Posts Tagged ‘equity head’

Future Venture to Re-File for IPO Soon :)

future group

Future Venture is likely to approach Sebi again for an initial public offering soon, as the validity of the earlier approval by the market watchdog lapsed this month.

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“We are going for a fresh filing (for IPO) with Sebi,” Future Group Chairman Kishore Biyani told PTI.

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The company, which is a part of diversified Future Group, had received the Securities and Exchanges Board of India (Sebi) approval for IPO on September 4, 2008.

As per regulations, a company has to hit the capital markets within 12 months of receiving the Sebi nod.

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Last year, the company had planned to raise up to Rs 1,000 crore through a public offering of about 374 crore shares so as to fund the group’s expansion plans.

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However this time amount to be raised from the capital market would be less than the previously planned Rs 1000 crore.

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Liquidity crunch and volatility in recent times had forced many companies including Future Venture to either postpone or shelve their plans to mop up funds from the capital market.

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“The planned IPO by Future Venture was actually a by-product of the bull market.”

“After the success of Future Capital IPO last year, the Future group thought of tapping the capital market with another offer, although there was no actual necessity of fund raising,” SMC Capital Equity Head Jagannadham Thunuguntla said.

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The Future Group, which is into various businesses apart from retail, is currently looking at ways to raise funds.

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uture Venture is likely to approach Sebi again for an initial public offering soon, as the validity of the earlier approval by the market watchdog lapsed this month.

πŸ™‚

“We are going for a fresh filing (for IPO) with Sebi,” Future Group Chairman Kishore Biyani told PTI.

πŸ™‚

The company, which is a part of diversified Future Group, had received the Securities and Exchanges Board of India (Sebi) approval for IPO on September 4, 2008.

As per regulations, a company has to hit the capital markets within 12 months of receiving the Sebi nod.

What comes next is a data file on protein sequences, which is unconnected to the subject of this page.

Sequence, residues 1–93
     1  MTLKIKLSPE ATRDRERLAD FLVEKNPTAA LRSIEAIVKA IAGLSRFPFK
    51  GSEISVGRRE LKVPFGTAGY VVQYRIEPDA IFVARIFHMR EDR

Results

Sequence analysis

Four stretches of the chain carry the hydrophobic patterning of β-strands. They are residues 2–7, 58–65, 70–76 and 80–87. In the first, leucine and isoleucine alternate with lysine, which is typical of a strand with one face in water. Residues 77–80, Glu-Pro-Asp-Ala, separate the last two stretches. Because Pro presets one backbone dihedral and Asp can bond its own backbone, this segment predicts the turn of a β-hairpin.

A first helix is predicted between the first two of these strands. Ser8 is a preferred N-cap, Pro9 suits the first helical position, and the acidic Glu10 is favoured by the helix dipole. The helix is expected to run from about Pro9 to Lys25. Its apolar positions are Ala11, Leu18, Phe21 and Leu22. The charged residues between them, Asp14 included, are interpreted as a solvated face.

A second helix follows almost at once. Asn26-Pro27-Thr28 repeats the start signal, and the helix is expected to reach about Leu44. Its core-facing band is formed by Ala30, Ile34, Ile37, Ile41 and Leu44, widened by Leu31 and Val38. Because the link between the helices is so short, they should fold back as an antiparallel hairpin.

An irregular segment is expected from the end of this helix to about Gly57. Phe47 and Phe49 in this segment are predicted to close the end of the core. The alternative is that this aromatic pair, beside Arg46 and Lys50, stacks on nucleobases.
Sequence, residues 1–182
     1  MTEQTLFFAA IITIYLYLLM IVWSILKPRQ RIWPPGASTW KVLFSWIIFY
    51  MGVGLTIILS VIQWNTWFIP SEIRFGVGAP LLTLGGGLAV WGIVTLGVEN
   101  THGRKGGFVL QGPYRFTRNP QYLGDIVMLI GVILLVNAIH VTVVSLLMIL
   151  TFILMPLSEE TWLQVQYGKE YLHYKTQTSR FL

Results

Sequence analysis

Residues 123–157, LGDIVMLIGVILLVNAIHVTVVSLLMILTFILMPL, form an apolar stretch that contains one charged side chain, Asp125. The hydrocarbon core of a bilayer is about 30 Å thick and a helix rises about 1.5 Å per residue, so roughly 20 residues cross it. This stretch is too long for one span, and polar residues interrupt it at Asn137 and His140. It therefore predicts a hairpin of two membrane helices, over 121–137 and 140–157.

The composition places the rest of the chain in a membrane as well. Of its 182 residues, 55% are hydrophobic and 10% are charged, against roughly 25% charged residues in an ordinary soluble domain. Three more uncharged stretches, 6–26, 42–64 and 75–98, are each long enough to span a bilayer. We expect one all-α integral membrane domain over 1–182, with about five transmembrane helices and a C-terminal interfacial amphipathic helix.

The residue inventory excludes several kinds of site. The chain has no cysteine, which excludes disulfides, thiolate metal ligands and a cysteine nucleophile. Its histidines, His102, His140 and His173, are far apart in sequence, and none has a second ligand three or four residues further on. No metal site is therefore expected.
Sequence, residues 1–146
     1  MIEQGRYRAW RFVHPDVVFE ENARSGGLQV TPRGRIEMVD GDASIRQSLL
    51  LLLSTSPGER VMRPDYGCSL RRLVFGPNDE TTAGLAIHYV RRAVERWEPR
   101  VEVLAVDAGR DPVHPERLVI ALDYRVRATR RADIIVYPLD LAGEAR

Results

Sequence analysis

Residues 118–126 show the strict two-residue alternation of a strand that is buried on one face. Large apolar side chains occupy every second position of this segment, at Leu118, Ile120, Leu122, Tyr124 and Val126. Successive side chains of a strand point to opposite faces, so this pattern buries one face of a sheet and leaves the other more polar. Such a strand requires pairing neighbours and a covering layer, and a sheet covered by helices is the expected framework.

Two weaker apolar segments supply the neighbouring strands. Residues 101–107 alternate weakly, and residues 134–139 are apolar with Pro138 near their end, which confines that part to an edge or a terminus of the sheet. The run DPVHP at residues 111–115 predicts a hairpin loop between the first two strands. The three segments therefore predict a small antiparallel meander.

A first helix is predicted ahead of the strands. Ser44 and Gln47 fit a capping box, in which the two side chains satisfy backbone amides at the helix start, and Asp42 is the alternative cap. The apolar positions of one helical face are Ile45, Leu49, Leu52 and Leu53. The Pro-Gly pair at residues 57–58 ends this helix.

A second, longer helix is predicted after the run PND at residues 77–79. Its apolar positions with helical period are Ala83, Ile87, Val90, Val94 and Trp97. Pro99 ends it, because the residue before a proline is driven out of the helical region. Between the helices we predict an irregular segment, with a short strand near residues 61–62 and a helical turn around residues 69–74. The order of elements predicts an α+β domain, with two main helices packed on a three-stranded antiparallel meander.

πŸ™‚

Last year, the company had planned to raise up to Rs 1,000 crore through a public offering of about 374 crore shares so as to fund the group’s expansion plans.

πŸ™‚

However this time amount to be raised from the capital market would be less than the previously planned Rs 1000 crore.

πŸ™‚

Liquidity crunch and volatility in recent times had forced many companies including Future Venture to either postpone or

SEBI releases guidelines for interest rate futures :)

Interest Rate Futures

Market regulator SEBI on Friday issued guidelines for trading in interest rate futures under which the 10-year government securities can be traded on bourses, a development that will deepen the debt market.

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As per the guidelines, the contract size for futures trading would be Rs 2 lakh with a maximum maturity period of 12 months.

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The contract cycle, it added, would consist of four fixed quarterly contracts expiring in March, June, September and December.

The notional coupon rate for such trade, the guidelines said, would be 7 per cent to be compounded every six months.

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Welcoming the move SMC Capitals Equity Head Jagannadham Thunuguntla said, “It is a right step by SEBI. This will activate the debt market in the country.”

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The guidelines further said stock exchanges will have to seek approval of the SEBI before starting trading in interest rate futures in their currency derivative segment.

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The clearing system for the interest rate futures, it added, would be the same as for the currency derivatives segment.

The exchanges will also be required to disclose upfront the composition of the basket of deliverable grade securities and the associated conversion factors for each of the quarterly contract.

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D-Street may inch towards consolidation: Analysts

Dalal Street

A wave of consolidation is likely to greet Dalal Street this week as concerns over rainfall shortage would pull down investor sentiments and keep the market under pressure, analysts said.

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“The market would remain range-bound and would look for a positive trigger amid the dampening effect on the possibility of a drought-like situation in the country,” Ashika Stock Brokers Research Head Paras Bothra said.

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Analysts also said there might be some positive bias in the movement of the market but absence of any major trigger might shift focus on the rain God.

“Delayed monsoon has made the market totally indecisive of the next move.